Hoylman raps Google over ‘gay cure’ app flap

BY ALEJANDRA O’CONNELL-DOMENECH | State Senator Brad Hoylman is calling for Google to examine why it took so long to remove a gay-conversion therapy app from its Play Store.

Last year, Hoylman reintroduced his bill banning the pseudoscientific practice and it was signed into law on Jan. 15. New York thus became the 15th state in the nation to ban gay-conversion therapy.

“This needs to be a real soul-searching moment for the company,” Hoylman said. “Where did the resistance come from and why?”

State Senator Brad Hoylman speaking in the Senate chambers in Albany on Mon., March 25. (Courtesy Brad Hoylman’s Office)

According to the senator, Google only moved to scrap the app after the Human Rights Campaign decided not to endorse the company on its 2019 Corporate Equity Index.

“After consulting with outside advocacy groups, reviewing our policies, and making sure we had a thorough understanding of the app and its relation to conversion therapy, we’ve decided to remove it from the Play Store, consistent with other app stores,” a Google representative said when asked why it chose to stop distributing the app at this moment.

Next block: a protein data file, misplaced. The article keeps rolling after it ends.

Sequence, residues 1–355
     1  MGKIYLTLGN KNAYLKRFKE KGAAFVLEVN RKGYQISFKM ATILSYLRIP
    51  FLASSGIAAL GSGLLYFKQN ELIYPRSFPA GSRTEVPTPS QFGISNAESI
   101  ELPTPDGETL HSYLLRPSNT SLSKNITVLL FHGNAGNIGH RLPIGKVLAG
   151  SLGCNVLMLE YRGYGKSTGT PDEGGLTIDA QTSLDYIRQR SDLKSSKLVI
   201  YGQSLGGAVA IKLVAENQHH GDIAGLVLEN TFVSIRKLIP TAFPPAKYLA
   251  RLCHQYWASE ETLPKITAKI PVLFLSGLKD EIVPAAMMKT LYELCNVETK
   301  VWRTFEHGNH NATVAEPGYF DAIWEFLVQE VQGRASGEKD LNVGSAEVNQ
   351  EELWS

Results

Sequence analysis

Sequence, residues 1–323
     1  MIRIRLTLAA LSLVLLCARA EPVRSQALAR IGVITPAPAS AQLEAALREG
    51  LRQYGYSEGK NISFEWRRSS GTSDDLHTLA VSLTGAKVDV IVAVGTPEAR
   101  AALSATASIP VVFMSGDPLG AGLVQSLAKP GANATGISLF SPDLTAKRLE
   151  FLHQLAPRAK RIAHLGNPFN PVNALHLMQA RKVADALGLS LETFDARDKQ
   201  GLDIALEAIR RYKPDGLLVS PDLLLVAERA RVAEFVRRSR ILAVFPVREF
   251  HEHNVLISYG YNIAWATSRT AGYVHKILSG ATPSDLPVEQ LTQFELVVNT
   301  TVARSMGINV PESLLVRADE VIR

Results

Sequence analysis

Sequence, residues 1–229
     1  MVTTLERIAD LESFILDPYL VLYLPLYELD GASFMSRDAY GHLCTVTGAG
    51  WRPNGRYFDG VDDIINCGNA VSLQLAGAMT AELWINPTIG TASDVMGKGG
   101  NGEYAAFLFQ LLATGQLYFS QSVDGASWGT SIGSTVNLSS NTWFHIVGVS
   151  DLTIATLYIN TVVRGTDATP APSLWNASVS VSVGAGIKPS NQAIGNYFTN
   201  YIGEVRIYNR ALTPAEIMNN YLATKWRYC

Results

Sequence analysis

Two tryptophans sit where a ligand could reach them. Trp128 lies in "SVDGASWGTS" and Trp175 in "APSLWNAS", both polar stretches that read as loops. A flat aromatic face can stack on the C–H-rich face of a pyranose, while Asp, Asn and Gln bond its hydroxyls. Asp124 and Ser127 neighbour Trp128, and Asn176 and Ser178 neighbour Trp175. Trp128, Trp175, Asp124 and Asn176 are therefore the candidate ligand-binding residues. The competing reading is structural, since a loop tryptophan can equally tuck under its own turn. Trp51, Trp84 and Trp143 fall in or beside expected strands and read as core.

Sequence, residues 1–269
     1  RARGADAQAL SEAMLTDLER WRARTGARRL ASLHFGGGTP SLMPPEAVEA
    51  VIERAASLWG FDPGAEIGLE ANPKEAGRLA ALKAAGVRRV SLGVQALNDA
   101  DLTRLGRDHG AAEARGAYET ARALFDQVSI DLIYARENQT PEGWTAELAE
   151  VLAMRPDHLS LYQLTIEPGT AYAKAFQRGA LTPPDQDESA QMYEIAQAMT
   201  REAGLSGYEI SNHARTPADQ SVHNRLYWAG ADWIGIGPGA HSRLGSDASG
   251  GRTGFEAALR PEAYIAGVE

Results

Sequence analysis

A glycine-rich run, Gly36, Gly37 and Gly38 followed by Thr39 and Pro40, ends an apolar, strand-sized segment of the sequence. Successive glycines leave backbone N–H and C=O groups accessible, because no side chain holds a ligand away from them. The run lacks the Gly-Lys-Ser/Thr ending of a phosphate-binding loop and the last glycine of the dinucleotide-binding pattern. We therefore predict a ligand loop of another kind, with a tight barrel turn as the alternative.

Living Hope Ministries, the group behind the app, did not respond to a request for comment from this paper. But in January, Living Hope Ministries — which was founded with a gay-conversion mission — denied to The Verge that it was performing conversion therapy. The company’s Web site sates that it proclaims a Christ-centered, Biblical world-view of sexual expression rooted in one man and one woman in a committed, monogamous, heterosexual marriage for life.

“Anything less than this ideal falls short of God’s best for humanity,” the site states.

Last December, Amazon, Microsoft and Apple all stopped providing the app after an online petition on change.org — blasting the app as
“bigoted” and “hateful” — demanded its removal.

More than 141,806 people called for Google to remove the app on a separate petition on change.org .

Hoylman said that he met with multiple representatives from Google at least half a dozen times since January to ask about the status of the app’s removal. He was told technical issues and legal concerns were delaying the process.

To him, the company was just using delaying tactics. He said he found it very disappointing that the Google would not respond to an elected official representing the district that is now home to their New York City headquarters.

“Something is broken at Google,” Hoylman said in a statement. “It’s on them to fix it — the L.G.B.T.Q. community is watching.”  

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